"I don't think it will damage Mr Clegg, and if anything he will come out of this stronger."

Mr Sanders, who is a party whip, admitted: "In the short-term we have taken a hit."

But he did not believe it would cause long-term damage.

"No one is being critical of Nick. It was the policy which was inherited when he became leader.

"People will come to see the referendum they are being denied, the really important one is the substantive question whether we should be in or out the EU, which Labour and Conservatives have dodged.

"It is their short-term gain. In the long-term it's the public who are going to lose because they have been denied the opportunity to have their say on the substantive issue that matters."

But Lib Dems have been left wondering how their party, long seen as the most united on Europe, came out of the votes looking the most divided.

Marcus Wood, Torbay's Conservative parliamentary candidate, said constituents had become disillusioned with politics.

"They are thinking why should I vote if the person I am voting for will not vote?

"At a time when people feel disillusioned with politicians, this type of thing makes all of our lives a lot harder."

Anne-Marie Morris, Teignbridge Conservative parliamentary candidate, said Mr Younger-Ross made the right decision.

She said: "He was consistent with the position he had stated in the past on what is a critical issue and I am pleased that he took the same view as the Conservatives,"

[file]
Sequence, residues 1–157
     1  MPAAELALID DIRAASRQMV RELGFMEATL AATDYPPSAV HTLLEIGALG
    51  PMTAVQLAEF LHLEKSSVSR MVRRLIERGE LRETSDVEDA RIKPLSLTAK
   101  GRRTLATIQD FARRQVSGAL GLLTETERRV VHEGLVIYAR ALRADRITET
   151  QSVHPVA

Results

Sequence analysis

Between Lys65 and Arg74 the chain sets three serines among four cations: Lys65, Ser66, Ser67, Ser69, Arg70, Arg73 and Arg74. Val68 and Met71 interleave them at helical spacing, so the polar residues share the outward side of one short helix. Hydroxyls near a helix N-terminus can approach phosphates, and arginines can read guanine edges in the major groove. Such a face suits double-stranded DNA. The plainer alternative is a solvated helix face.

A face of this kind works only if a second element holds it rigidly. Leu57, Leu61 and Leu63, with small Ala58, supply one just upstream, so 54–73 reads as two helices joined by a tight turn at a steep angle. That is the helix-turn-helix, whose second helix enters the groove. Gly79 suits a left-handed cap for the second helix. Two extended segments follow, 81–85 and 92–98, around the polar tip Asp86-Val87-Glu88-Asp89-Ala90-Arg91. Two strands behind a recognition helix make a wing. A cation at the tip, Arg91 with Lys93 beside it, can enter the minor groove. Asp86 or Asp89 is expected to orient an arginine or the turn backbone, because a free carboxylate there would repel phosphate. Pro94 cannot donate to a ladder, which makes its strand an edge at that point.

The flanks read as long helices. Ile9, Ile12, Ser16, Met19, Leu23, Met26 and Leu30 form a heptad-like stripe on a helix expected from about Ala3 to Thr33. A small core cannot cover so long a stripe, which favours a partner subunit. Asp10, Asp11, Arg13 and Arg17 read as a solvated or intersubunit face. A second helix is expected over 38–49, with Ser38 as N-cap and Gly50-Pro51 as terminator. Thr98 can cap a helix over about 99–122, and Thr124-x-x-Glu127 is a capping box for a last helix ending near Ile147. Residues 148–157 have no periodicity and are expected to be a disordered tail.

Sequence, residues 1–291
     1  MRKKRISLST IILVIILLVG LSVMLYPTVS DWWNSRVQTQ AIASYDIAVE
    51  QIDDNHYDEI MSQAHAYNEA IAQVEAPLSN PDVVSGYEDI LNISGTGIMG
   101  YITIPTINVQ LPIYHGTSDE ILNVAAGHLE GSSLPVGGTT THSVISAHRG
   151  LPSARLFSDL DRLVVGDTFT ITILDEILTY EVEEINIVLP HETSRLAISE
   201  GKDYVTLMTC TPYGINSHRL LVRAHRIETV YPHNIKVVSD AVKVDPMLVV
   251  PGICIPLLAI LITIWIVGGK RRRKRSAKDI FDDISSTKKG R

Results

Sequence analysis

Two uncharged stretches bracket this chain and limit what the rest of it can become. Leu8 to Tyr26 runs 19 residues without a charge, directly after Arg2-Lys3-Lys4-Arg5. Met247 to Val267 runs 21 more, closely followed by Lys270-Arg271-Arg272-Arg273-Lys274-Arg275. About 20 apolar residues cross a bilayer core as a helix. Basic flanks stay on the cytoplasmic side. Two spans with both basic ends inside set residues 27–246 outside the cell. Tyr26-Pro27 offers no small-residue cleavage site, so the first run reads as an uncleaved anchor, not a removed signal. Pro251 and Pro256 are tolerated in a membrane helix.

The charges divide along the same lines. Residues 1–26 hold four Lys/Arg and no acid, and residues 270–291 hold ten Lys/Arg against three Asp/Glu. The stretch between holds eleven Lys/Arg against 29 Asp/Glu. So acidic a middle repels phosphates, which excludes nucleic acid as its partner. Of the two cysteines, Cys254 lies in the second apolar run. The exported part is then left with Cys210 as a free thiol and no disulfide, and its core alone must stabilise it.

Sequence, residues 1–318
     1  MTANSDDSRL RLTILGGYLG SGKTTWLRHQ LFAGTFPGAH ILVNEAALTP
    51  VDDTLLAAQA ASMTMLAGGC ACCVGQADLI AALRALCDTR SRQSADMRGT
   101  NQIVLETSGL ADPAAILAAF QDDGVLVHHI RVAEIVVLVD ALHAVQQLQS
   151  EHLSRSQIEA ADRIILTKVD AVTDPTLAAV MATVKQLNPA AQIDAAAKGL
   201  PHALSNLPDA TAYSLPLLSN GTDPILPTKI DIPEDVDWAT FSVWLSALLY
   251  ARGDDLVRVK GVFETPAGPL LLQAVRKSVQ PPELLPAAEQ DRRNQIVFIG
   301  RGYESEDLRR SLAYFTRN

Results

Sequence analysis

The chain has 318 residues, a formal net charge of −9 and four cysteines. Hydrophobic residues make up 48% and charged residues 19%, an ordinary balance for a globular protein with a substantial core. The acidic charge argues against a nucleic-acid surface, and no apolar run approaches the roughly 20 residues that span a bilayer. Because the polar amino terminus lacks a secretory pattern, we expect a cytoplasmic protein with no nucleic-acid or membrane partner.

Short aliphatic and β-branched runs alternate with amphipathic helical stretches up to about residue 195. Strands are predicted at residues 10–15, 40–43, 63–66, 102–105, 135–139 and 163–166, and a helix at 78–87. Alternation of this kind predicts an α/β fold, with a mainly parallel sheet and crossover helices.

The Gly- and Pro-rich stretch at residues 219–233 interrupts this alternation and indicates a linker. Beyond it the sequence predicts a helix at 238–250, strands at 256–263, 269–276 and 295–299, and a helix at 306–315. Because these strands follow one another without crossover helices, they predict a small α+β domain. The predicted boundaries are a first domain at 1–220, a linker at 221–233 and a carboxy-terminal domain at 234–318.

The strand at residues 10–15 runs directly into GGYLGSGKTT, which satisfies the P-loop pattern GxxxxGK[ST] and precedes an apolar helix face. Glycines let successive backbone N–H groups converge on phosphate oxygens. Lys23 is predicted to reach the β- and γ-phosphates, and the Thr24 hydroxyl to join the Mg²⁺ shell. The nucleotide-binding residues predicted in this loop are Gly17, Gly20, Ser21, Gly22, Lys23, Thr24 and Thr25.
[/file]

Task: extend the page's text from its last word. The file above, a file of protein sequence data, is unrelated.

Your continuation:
Trevor Colman, from Bishopsteignton, a stalwart UK Independence Party member who stood in the local and national elections and was one of the organisers of the Shaldon village ballot which went in favour of a referendum, branded the parliamentary proceedings 'a pantomime'.

Tuesday, 4 March 2008

Torbay in the running to host Spring Forum

Torquay is in the running to host the Conservative Party's spring forum next year, the Tory's chairman revealed yesterday on a whistle-stop visit to the resort.MP Caroline Spelman said the South West was due a conference visit from the party and faced opposition from only two other places.

If Torquay is chosen above Harrogate and Scarborough then the Bay could be in line for a £1million boost to the economy thanks to an estimated 1,500 to 2,000 visitors, including the entire shadow cabinet.

Mrs Spelman told the Herald Express: "We have been thinking for some time that we should come down here for our spring forum. This year we're in Newcastle and we try hard to travel the whole country.

"Torquay is one of the preferred options, along with Harrogate and Scarborough. I think it would be really good to come to the South West. It could be the last gathering before the general election so it will be an exciting time and potentially a very important launch pad for policies."